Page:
The Responsible Choice
Buying antique jewellery is both ethical and eco-friendly as harmful and destructive mining processes are not needed to make an item yours. So give yourself a pat on the back!Find Out More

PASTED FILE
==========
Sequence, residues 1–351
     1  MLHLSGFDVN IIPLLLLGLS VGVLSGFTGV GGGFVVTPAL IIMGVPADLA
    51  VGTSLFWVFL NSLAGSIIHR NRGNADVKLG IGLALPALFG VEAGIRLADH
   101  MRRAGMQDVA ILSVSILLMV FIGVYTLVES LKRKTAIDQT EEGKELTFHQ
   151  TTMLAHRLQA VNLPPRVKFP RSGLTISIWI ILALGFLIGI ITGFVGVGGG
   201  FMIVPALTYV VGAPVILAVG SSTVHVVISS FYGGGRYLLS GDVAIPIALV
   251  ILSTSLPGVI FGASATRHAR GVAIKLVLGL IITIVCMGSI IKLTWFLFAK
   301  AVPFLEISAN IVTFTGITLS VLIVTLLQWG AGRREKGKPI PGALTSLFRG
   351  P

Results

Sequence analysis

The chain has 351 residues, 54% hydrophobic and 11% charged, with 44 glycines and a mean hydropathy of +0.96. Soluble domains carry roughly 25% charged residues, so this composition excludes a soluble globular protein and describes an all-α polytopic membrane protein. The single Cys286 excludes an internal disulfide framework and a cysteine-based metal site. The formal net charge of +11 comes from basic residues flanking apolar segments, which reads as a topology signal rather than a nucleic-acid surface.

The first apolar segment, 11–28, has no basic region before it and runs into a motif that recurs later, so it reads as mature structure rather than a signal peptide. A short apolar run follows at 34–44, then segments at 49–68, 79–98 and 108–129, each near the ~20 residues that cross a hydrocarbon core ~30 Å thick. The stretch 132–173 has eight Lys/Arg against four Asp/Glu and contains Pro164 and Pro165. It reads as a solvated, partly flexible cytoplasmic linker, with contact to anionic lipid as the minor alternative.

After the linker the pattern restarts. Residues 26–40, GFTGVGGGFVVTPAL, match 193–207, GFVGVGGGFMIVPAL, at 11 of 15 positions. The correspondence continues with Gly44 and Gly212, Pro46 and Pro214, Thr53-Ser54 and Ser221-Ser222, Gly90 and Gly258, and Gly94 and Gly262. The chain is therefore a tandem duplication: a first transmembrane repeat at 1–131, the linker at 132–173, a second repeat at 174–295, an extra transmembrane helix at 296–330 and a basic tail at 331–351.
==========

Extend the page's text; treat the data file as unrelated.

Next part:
In the early nineteenth century there was a passion for botanical jewels. Explorers were bringing back new specimens from far flung places and reporting their latest discoveries. This example is an enchanting late Jewellery made in the Georgian era (1714-1830). botanical brooch, made circa 1820. It consists of three flowers, one is a “forget me not” set with Turquoise is an opaque gem and is often formed in what is called matrix, a black or brown veining derived from the host rock in which the gem forms. In fine jewellery, unblemished sky blue turquoise is the ideal, although regularly patterned matrix turquoise is also sought-after. and a A natural stone is called such because it has not been subjected to any treatments. split Natural pearls are an organic gem formed inside live mollusc shells and come in all shapes and sizes. They are formed as the result of a natural irritant within the mollusc's mantle and as a defence, layers of iridescent nacre form over the top of it, creating a pearl. . This was intended to send a sweet secret message that not to forget the admire who has given this to you! The other two flowers have been set with an Amethyst is the purple variety of macrocrystalline quartz. From the Greek amethystos meaning 'a remedy against drunkedness', it was believed to prevent intoxication and ensure the wearer retains a clear head and quick wit. It was once considered as valuable as ruby, sapphire and emerald. and natural split pearls and an One of the four ‘precious’ stones. An intense, deep green is the most desirable colour for emeralds. Flaws and cloudiness (‘jardin’) are very common in emeralds, so stones are often oiled, irradiated, and dyed to improve their look. Synthetic emeralds have fewer imperfections and are hard to set apart from natural stones. Emeralds belong to the beryl... with carved white An organic gem, calcium carbonate with a trace of carotene, deposited by tiny sea creatures living in the depths of warm seas in huge colonies. It grows in branches that look like underwater trees. Coral is believed to be one of the oldest forms of gemstone jewellery, with some pieces dating back as far as 23,000 BC. petals. There are two finely chased and engraved gold leaves with a triple stem above that attaches to the three separate flowers. Similar pieces like this can be found in the Hull Grundy collection at The British Museum.
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